For some of us, when family announces they're coming to town, alarms go off, panic ensues and a couple of glasses of whiskey are poured. But with a little preparation, it doesn't have to be that stressful, or complicated. Photos by: Getty, joepyrek, creative ignition, Marko Kudjerski, and David Precious.
Of course, everyone's relationship with their parents is different. Depending on how many times you've hosted them, the situation changes. Perhaps you're close with your parents and have no qualms with them just showing up at your house for a weekend. I'm not like that. I need a little more of a heads up. My parents divorced long ago, so I've had the pleasure of hosting at least twice a year in a variety of living circumstances and in a couple different cities. My major takeaway? I need to have a series of plans.
Talk About Your Space and Sleeping Setup Before They Arrive
If your parents are coming from out of town for the first time, it's good to start with a conversation about space. Do you have enough room? Will you give up your bedroom and sleep on the couch? Set up a guest room? Or is your apartment so small that they're just better off getting a hotel?
It might sound a little silly, but this can make or break a visit. The first time either of my parents came out to visit me when I lived in Seattle, I lived in an apartment that was far too tiny to cram in any additional people for any amount of time, so I had to have the talk early on about hotels. Most parents don't want to hear this, and will likely argue that, being the family that you all are, you can "make it work". Don't give into that. If you have a small apartment and aren't comfortable hosting (or know your guest won't be comfortable either,) insist on a hotel. If need be, split the cost, or offer up whatever financial solution you can, but I promise the entire stay will go much smoother if everyone gets their own space.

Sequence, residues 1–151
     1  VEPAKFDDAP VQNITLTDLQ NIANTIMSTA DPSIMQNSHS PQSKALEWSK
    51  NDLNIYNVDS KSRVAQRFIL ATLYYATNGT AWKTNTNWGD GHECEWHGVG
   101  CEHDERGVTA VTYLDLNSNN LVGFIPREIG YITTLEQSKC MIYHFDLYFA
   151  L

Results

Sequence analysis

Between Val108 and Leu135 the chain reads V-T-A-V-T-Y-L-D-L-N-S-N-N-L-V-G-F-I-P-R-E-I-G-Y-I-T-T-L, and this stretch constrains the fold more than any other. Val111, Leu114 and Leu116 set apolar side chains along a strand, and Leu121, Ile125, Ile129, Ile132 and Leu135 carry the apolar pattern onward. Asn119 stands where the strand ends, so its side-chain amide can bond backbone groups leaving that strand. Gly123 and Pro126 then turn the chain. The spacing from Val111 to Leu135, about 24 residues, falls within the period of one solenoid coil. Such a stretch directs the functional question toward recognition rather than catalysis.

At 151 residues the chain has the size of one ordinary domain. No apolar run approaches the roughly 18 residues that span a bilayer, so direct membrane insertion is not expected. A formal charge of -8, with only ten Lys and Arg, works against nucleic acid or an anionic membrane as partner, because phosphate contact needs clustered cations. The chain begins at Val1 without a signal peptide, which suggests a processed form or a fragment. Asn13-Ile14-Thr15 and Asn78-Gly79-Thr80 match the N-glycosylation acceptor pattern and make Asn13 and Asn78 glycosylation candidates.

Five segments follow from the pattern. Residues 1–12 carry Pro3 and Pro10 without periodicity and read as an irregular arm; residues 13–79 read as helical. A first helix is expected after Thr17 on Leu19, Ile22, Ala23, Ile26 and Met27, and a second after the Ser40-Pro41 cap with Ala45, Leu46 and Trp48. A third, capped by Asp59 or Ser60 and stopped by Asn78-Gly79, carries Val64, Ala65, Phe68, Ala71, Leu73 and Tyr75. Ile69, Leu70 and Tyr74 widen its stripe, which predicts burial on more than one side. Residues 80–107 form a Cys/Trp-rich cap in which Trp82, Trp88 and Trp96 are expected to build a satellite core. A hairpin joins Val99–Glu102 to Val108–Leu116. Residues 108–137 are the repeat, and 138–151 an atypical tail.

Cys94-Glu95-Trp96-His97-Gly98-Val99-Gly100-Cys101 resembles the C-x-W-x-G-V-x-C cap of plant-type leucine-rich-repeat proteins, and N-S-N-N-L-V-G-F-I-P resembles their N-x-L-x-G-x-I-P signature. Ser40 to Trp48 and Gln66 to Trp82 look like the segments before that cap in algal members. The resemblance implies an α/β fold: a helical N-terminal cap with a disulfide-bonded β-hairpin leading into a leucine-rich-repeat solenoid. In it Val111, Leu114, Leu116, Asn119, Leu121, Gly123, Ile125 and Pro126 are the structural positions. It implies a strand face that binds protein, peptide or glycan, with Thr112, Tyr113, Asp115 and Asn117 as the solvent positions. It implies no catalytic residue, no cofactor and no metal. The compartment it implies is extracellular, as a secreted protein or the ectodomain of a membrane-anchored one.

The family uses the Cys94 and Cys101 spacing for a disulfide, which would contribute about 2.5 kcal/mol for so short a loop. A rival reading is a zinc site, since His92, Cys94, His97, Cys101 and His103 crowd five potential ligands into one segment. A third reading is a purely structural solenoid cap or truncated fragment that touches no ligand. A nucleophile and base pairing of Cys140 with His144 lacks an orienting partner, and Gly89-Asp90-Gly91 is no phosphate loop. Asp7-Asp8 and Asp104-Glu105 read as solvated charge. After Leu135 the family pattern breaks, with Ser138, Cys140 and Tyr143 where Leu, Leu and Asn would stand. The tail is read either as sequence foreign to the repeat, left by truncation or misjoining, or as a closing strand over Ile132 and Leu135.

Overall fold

Of course, this might not be an issue with your family, or you might have a place where other options exist. Giving up your own room and taking the couch is always a noble option, and if you have a spare room this isn't a concern. Regardless of how you go about it, if this is their first visit, just make sure everyone's on the same page so when they arrive, nobody's confused about who's staying where.
Create a Rough Itinerary of What You'll Do, But Don't Fill the Day
The worst way to spend a morning is to sit around on the couch asking everyone what they want to do, then having everyone reply with a resolute, "We're fine with whatever." Nobody is fine with "whatever" no matter how relaxed they might be. Instead of wasting everyone's time, I've found it's best to have a rough sketch of a plan, but to avoid any hard schedules.
What you do with your family in your city is completely your call, but I've found that a mix of touristy and neighbourhood activities is best. For example, both of my parents live in the land-locked state of Colorado, so a visit to the west coast demands time on the beach. That's one day taken care of. Another day might include a little hike through the nearby mountains. Another gets dedicated to walking around my neighbourhood and grabbing a beer at the local brewery. If you're short on ideas, talk to your parents ahead of time to see what sights they're interested in and formulate a plan from there. The last time my dad visited he mentioned he'd want to see Hollywood without actually doing the whole Hollywood thing, so I made sure we'd drive through at some point, but there was no set schedule beyond that.